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Polish activists complain to EU about toxic smog
by Staff Writers
Warsaw (AFP) Feb 17, 2017

London to tax old cars to combat air pollution
London (AFP) Feb 17, 2017 - Motorists in London who own old polluting vehicles are to be hit with a new charge from October, Mayor Sadiq Khan said on Friday, two days after the EU ordered Britain to cut air pollution.

"The context is this: over 9,000 Londoners die each year because of low quality air," Khan told the BBC after announcing the new "Toxic Charge".

The new 10 ($12.5, 11.7 euros) "T-Charge" will apply to motorists who own vehicles that do not meet European standards -- typically petrol and diesel cars registered before 2006 -- and come on top of the congestion charge for the city centre.

All vehicles entering central London already pay a daily 11.50 congestion charge, introduced in 2003 to ease pressure on the city's roads.

The new policy was unveiled two days after the European Union issued a warning to five member states including Britain, urging them to take action on car pollution or risk being sent to the European Court of Justice.

The European Commission said that "persistently high" levels of nitrogen dioxide caused 70,000 premature deaths in Europe in 2013.

Heavy smog has enveloped much of Europe this winter prompting emergency measures in several big cities including London, Paris and Berlin.

In January, London authorities issued a "black" alert for very high levels of particulates -- 10 out of 10 on the air pollution scale -- as a cloud of freezing smog forced the cancellation of around 100 flights.

The new tax is part of a package of measures London will introduce over the coming months and years to tackle high air pollution.

These include no longer buying diesel buses, doubling the amount invested in retrofit buses, and the introduction of an Ultra Low Emission Zone from 2018.

Khan also urged the government to help motorists move away from diesel vehicles and ratify a "Clean Air Act for the 21st century".

Polish environmental groups on Friday filed a complaint with the European Union against national and local authorities for failing to fight lethal levels of smog.

The European Environmental Agency (EEA) blames air pollution -- caused in large part by the burning of coal -- for an estimated 50,000 premature deaths per year in the country of 38 million people.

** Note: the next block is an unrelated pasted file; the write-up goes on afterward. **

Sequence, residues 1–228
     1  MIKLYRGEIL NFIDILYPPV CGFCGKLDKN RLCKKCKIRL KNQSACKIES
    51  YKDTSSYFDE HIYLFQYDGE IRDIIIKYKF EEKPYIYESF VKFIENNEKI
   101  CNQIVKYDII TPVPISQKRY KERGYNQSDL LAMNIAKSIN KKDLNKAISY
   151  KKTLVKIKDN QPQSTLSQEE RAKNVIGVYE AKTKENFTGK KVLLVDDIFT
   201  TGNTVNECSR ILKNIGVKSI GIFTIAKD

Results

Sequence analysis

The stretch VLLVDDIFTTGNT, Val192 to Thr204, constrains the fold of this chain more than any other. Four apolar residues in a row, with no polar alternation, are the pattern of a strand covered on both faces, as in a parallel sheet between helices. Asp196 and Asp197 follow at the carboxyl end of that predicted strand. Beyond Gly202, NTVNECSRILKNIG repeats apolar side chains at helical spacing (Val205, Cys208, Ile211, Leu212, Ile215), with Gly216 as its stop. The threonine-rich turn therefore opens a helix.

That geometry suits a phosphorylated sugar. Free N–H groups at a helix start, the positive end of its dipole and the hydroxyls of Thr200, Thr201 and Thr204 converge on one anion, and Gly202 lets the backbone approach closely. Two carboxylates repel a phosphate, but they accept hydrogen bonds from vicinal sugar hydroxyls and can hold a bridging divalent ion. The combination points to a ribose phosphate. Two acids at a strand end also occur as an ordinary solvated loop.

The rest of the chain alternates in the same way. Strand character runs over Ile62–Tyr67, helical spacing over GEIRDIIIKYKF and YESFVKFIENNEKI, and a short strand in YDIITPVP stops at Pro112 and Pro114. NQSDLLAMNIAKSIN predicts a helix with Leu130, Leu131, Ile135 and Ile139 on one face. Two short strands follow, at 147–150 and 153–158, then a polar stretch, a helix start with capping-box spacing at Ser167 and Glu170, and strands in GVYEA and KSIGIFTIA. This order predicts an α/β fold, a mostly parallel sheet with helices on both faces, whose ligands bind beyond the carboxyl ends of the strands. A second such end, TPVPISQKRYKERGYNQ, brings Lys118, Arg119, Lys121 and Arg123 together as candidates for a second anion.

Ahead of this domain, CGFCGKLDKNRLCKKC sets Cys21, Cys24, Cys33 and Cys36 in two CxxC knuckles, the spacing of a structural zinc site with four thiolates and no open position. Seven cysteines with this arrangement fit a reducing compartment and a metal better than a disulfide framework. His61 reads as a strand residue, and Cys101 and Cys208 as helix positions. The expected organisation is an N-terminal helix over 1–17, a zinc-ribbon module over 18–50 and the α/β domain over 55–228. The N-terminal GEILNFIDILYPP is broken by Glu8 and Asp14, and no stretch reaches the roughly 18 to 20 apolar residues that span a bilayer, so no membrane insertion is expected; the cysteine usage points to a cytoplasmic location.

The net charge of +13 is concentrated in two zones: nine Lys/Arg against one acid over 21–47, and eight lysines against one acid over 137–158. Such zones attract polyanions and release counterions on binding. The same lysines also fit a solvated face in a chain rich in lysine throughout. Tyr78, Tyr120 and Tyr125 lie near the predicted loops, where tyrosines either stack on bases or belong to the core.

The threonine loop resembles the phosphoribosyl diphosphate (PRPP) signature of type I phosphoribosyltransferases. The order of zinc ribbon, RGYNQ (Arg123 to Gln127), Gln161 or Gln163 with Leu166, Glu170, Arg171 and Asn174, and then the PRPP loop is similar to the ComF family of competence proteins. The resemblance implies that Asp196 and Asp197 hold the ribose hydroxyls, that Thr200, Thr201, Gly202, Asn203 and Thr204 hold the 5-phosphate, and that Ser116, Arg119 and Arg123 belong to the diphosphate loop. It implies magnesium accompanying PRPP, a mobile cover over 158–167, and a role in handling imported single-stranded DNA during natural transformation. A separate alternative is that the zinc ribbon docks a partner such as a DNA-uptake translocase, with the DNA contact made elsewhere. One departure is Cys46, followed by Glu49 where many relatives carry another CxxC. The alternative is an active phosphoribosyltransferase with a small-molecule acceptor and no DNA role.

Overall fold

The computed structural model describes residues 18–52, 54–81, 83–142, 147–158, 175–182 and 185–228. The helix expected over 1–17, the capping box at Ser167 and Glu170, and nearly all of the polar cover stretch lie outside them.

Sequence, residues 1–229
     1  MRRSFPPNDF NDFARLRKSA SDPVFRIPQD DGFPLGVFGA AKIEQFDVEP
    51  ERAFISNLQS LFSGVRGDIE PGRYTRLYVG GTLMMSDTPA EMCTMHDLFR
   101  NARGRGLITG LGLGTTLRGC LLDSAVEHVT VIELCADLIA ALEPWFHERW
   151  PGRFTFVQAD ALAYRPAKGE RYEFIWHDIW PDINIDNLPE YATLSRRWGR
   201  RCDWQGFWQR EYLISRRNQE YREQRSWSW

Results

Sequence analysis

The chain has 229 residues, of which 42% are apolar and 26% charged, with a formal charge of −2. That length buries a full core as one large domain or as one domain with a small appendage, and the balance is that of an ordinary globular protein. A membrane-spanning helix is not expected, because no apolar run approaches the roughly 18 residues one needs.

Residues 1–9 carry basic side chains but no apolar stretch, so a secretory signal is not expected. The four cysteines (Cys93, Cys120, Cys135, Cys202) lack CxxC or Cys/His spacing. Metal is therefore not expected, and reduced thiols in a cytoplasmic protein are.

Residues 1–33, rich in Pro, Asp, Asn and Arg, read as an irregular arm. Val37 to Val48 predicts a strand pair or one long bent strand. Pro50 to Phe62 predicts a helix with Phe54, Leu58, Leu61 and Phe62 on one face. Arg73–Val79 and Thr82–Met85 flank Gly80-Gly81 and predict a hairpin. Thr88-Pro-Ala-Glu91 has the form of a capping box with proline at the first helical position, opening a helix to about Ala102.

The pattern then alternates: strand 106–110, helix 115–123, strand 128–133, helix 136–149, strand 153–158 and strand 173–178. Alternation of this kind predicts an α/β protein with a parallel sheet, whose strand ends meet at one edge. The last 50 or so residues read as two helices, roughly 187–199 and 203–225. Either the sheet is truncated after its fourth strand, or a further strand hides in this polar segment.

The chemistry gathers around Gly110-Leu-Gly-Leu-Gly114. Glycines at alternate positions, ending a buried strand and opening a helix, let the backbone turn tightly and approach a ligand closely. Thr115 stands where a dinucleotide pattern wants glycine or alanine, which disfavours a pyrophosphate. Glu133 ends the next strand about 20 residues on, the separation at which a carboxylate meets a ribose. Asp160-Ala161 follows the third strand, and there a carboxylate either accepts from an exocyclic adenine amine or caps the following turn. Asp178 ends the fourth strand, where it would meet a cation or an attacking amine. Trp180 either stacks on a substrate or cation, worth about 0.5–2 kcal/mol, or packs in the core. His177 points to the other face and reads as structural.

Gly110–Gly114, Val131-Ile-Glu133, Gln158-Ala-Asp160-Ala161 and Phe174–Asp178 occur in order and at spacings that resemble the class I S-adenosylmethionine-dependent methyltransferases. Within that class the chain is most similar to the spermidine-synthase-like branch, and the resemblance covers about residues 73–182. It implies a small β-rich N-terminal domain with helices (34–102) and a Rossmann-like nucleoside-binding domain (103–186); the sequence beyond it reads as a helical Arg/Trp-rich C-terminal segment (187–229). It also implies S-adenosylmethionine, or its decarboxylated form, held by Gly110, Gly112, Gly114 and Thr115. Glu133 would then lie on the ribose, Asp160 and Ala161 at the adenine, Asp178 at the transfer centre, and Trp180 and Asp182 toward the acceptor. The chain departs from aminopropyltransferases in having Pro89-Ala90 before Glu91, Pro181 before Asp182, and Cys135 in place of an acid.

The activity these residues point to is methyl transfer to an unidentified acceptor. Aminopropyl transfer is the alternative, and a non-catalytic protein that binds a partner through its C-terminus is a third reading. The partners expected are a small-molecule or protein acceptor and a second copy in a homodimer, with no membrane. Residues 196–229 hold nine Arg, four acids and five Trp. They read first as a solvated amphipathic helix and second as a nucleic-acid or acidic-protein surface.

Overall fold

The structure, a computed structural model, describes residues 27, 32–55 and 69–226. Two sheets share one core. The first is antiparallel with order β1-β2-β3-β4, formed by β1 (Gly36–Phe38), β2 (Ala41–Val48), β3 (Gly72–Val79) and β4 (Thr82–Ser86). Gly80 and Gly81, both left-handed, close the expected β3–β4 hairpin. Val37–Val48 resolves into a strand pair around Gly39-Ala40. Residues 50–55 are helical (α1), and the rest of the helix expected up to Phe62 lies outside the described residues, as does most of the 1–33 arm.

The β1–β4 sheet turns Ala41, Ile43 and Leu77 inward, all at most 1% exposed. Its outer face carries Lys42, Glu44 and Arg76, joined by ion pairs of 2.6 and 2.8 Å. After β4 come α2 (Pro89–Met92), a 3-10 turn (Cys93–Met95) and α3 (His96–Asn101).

Seventy percent of Polish households burn low-quality coal or rubbish in old stoves for heating.

Antiquated coal-fired power plants generate nearly all of Poland's electricity, giving it some of the most toxic air in the 28-member EU.

"Poland has Europe's highest air-borne concentrations of the carcinogen benzopyrene -- norms are exceeded four-fold -- breaching both Polish and EU laws," Piotr Cykowski, an activist with the Action Democracy NGO told AFP at the European Commission branch office in Warsaw.

"This is why we're filing a formal complaint to the European Commission which could formally sanction Poland for inaction in fighting lethal smog," he added.

"We were expecting the introduction of a ban on the sale of the lowest quality coal for domestic heating purposes. However, new draft regulations change nothing," said ClientEarth Poland lawyer Agnieszka Warso-Buchanan, noting that the government admits that "a ban would harm the coal industry."

Poland's current rightwing Law and Justice (PiS) government and previous administrations of all political stripes have based energy policy on plentiful domestic coal, while taking little action to mitigate pollution.

Smog has spiked to record levels nationwide in recent years, with windless days this winter causing particularly acute pollution.

A public petition signed by 24,000 Poles backed the formal complaint filed by the NGOs, including global environmental groups Greenpeace and ClientEarth as well as activists from the local Action Democracy and the City is Ours groups.

The European Commission said in an environmental review of Poland published this month it was already "launching infringement procedures" against Poland and other members over "persistent breaches of air quality requirements... which have severe negative effects on health and the environment.

"The aim is to put in place adequate measures to bring all zones into compliance."

The report also estimated that "the health-related external costs from air pollution in Poland are above 26 billion euros ($28 billion) per year.

"These direct economic costs include the 19 million workdays lost each year due to sickness related to air pollution."

It urged Warsaw to "establish emission standards for coal-fired individual heaters" among other measures "in order to mitigate risks."

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